So it seems that this summer I will be working at UCSD in San Diego for a bit over six weeks from late June to early August, and then spending a week in Washington DC. Any readers live nearby, or have any tourist tips?


I was reading a thread on Metafilter about television when I realised that there are now two ways to look at it. You can watch television, or you can watch a programme.

To me, ‘watching television’ treats television as an end in itself, whereas ‘watching a programme’ treats it as a means to an end. This means you can draw a pretty neat distinction, since if you enjoy watching a programme, you won’t mind how or where you watch it, or indeed when you watch it, as long as you get to see it. So I would hypothesise that such ‘programme watchers’ would be more wiling to watch recorded programmes, and programmes on their computer.

But television watchers – it seems to me that they treat television as a source of entertainment regardless of the programmes that are on. So it’s ‘I’ll watch television’, not ‘I’ll watch the Simpsons’. And it strikes me that these are two qualitatively different modes of television watching. I know a few people who vehemently swear against watching any kind of television, but when I say, ‘What about documentaries, or the news, or x, y and z?’ they admit that they probably would watch them; so rather than being against programmes, they are against the idea of watching TV as an end.

Now, this isn’t such a new thing, but it’s only relatively recently that it’s become possible to watch programmes rather than television. I know that before the days of the Internet and Tivo, you could always just turn the TV on when the programme is on, or even set the VCR. But the former takes a fair bit of planning, and the latter can be notoriously irritating to set up. The Internet and Tivo make watching programmes significantly easier than ever before.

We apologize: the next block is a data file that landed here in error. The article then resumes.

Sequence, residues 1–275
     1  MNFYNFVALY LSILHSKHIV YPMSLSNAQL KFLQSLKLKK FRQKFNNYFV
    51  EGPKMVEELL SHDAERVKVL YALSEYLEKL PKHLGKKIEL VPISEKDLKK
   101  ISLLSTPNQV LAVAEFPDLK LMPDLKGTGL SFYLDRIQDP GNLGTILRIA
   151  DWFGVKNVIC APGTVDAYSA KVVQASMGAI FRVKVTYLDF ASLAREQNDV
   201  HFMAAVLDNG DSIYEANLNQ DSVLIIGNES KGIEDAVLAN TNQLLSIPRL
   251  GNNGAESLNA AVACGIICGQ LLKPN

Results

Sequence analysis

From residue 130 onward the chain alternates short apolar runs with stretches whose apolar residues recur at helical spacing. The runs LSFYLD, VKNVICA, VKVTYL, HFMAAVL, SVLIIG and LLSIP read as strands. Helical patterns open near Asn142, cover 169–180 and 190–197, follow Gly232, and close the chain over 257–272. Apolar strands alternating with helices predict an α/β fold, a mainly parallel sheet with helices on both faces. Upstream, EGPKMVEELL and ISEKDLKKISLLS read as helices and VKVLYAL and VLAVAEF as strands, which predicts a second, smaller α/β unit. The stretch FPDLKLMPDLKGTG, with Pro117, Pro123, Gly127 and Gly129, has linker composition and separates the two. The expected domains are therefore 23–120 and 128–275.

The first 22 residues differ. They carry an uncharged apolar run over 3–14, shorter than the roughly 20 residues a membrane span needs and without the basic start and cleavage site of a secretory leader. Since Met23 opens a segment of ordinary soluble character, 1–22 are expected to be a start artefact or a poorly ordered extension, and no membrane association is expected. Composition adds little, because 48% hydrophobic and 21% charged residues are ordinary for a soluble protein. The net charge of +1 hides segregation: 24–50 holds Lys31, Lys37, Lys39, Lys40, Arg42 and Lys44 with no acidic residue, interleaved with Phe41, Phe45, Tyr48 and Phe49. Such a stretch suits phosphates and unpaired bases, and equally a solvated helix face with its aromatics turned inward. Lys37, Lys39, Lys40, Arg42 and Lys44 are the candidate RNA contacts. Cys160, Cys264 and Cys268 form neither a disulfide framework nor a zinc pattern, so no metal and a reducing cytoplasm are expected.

Furthermore, it seems that the current mode of TV planning, scheduling and advertising is completely geared towards the old ‘watching television’ model, since in all fairness it was the only model up until perhaps three years ago. But no longer. I very rarely see commercials since I just download all the new episodes of the Simpsons, Enterprise, Friends and Futurama (I could download 24 as well, but I prefer watching that with friends – and since it’s on BBC, I don’t see any ads there either).

Adverts aren’t going away any time soon, and the programme watchers are still only a tiny minority of the total audience demographic. However, their numbers can only increase and the ad industry will have to adapt, or die. Personally, I would prefer it if they died and I got my product recommendations from user reviews, and that programmes were funded by subscriptions, but I think that’s wishful thinking for now.

Trinity nuclear test

Anecdote of the day: Physicist Ted Taylor used a parabolic mirror to light his cigarette with the flash from the Trinity nuclear bomb test (from Rich).


Quote of the day: “The thing with behaviour is that we don’t know what subjects are thinking. I don’t know whether my rats are pressing the lever because they know they’ll get heroin – and I don’t know whether children will be surprised because they think ‘Hey, the laws of gravity have changed!'”


I won’t be updating this weblog regularly for the next couple of weeks, as my first exams are starting on Friday. Over the course of 14 days, I’ll have eight exams totalling 22 and a half hours. Surely there’s a better way?

Google – various neat alpha-stage applications including Google Glossary (works fairly well for the technical terms I tested it with), voice searching and keyboard searching.